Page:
What is needed is to change the use of the term “force” in international discussions of conflict. Can the term “force” be changed in meaning? Actually, the most common meaning of force is precisely the one that is needed. In practically all uses of the term, outside discussions of war, force is distinguishable from violence. While violence is thought to be a dangerous possibility when force is introduced, the term is not equated with explosions of obscene amounts of violence that destroys every living being in its path. Why then, in international discussions, do people say “force” when they mean war? It seems to be a euphemism, but one that has the unfortunate result of closing off imagination about how force and forces could be used to avoid war. When the European Union last February tried to dissuade the United States from war on Iraq, it stated: “War is not inevitable. The use of force should be the last resort.” Wouldn’t they have spoken more logically, realistically and effectively, if they had said: “Force is inevitable. But war should be the last resort.”

Force is a pressure upon humans or nonhumans to get them to act in a desired way. For nearly everyone, the use of force is a daily occurrence, from forcing open a jar of pickles to forcing one’s way through a crowd. As a one-directional action, force is always questionable. Especially in attempting to coerce human agreement to a certain way of acting, force is a restriction on the freedom of another. Force may indeed slide into violence. But where a human being is incompetent or is criminally dangerous, force of restraint is necessary. Force may be needed to keep a child from running into the street, or force may have to be used to stop a would-be rapist. Less obvious uses of force are present in the business and political world, and even religious and educational institutions. Force allows for innumerable degrees of exercise from psychological intimidation to a swift blow to the midsection.

Force is constantly used against the physical environment. Since there is no resistance by another’s will, the moral issue is less ambiguous. Nonetheless, human beings have slowly been learning that they cannot be cavalier in the use of force against the environment. Force has to be carefully rationed because a human being can never grasp all the effects of any action in trying to make the world suit his or her desires.

The misuse of the term “force” in international conflicts is not likely to be corrected unless a deeper linguistic confusion in using “power” is unearthed. “Power” stands on one side of “force” as “violence” does on the other. Linguistically, force collapses into violence because power has already collapsed into force. Unless the term power is used in ways that do not inevitably lead to force, then a nation’s use of force becomes equated with war.

“Power,” like so many important words, has two almost opposite meanings. When people who call themselves “realists” talk about power, they have one very clear meaning of power in mind. Power means the exercise of force; power in this context is the means to coerce and dominate. One of the most discussed essays on international affairs in 2002 was Robert Kagan’s essay, “Power and Weakness.” Slightly expanded, it was published as a book with the title Of Paradise and Power. There is no question in Kagan’s mind that power is the opposite of weakness, that the United States represents power and Europe represents weakness. The reference to paradise in the book’s title might suggest something positive about Europe but, for Kagan, Europe’s living in a paradise is a delusion made possible by United States (military) power. Kagan would probably acknowledge other kinds of power than military power but his standard use of the term is to equate power and military power. Therefore, countries that do not spend a sizeable part of their budget on military power are “weak.”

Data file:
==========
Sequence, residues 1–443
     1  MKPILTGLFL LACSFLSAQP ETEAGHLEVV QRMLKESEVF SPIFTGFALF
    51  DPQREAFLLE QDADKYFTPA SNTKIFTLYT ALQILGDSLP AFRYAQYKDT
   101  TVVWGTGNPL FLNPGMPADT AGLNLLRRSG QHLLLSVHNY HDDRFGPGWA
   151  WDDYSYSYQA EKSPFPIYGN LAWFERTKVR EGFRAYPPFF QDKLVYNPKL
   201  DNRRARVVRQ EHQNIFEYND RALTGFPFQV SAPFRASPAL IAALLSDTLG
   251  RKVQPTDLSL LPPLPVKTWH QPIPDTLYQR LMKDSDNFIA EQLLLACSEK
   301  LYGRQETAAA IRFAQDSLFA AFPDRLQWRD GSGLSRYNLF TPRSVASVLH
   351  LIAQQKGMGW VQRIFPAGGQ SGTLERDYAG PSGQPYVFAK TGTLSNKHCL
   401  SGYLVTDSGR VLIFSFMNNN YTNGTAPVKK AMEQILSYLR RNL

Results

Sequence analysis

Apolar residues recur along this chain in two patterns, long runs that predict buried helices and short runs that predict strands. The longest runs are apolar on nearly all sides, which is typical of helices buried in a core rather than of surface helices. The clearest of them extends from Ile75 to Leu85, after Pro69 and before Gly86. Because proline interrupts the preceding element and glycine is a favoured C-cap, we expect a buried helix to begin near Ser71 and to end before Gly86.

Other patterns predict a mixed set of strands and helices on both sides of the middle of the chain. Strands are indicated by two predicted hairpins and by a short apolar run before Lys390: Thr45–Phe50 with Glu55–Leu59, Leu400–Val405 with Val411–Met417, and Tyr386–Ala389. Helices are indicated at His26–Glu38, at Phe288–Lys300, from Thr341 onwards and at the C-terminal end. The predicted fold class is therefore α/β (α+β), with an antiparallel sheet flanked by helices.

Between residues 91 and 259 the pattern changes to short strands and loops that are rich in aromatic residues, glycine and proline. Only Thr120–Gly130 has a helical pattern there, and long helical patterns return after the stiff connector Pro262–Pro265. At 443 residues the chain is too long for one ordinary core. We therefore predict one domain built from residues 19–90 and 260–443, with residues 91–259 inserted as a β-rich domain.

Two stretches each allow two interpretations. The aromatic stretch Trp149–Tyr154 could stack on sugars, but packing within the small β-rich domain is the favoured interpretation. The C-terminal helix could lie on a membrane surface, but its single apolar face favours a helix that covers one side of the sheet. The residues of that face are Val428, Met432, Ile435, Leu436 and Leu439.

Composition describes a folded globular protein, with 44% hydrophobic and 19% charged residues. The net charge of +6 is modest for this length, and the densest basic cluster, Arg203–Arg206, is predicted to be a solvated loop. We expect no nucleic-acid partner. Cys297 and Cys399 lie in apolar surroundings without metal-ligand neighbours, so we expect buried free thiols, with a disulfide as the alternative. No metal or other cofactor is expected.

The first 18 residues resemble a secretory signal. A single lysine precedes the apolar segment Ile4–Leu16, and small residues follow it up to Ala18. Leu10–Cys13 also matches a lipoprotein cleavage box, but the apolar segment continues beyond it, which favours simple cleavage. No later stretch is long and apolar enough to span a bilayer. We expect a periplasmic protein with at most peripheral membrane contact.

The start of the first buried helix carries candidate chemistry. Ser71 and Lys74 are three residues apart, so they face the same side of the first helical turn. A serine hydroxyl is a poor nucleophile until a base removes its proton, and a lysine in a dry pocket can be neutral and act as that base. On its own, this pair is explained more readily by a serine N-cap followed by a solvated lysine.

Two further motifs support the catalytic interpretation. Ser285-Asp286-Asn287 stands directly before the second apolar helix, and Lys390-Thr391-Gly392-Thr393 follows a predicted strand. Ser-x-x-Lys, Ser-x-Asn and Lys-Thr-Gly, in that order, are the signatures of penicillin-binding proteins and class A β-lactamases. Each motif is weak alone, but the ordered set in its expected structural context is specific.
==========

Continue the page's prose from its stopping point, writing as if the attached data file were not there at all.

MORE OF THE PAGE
Liberal commentators in the United States were skeptical of Kagan’s crude stereotypes. But a book they did praise was Joseph Nye’s The Paradox of American Power: Why the World’s Only Superpower Cannot Go It Alone. Nye distinguished between “hard power and soft power”; this distinction was widely hailed as a breakthrough in thinking about U.S. power. Many people were therefore surprised when Nye supported the United States war on Iraq. Where did soft power go? The answer, I think, is that a distinction between hard and soft is only a minor issue of degrees in the exercise of power. Nye never gets to the real paradox of power. His hard and soft powers still refer to coercing people in a one-way exercise of force. If manipulation with soft power does not get us what we want, there is hard power (bombs) as a backup.

The potentiality of power

The real paradox of power is that power can be almost the exact opposite of force. In addition to meaning active coercion, power can also mean passive receptiveness. In fact, this latter meaning is the root from which all power springs. Power belongs to the same linguistic family as possible, potential, passive. In classical and medieval philosophy, power is the lowest and weakest form of being -- mere possibility that has yet to be realized or actualized. Power is capacity for action but needs to be brought to act.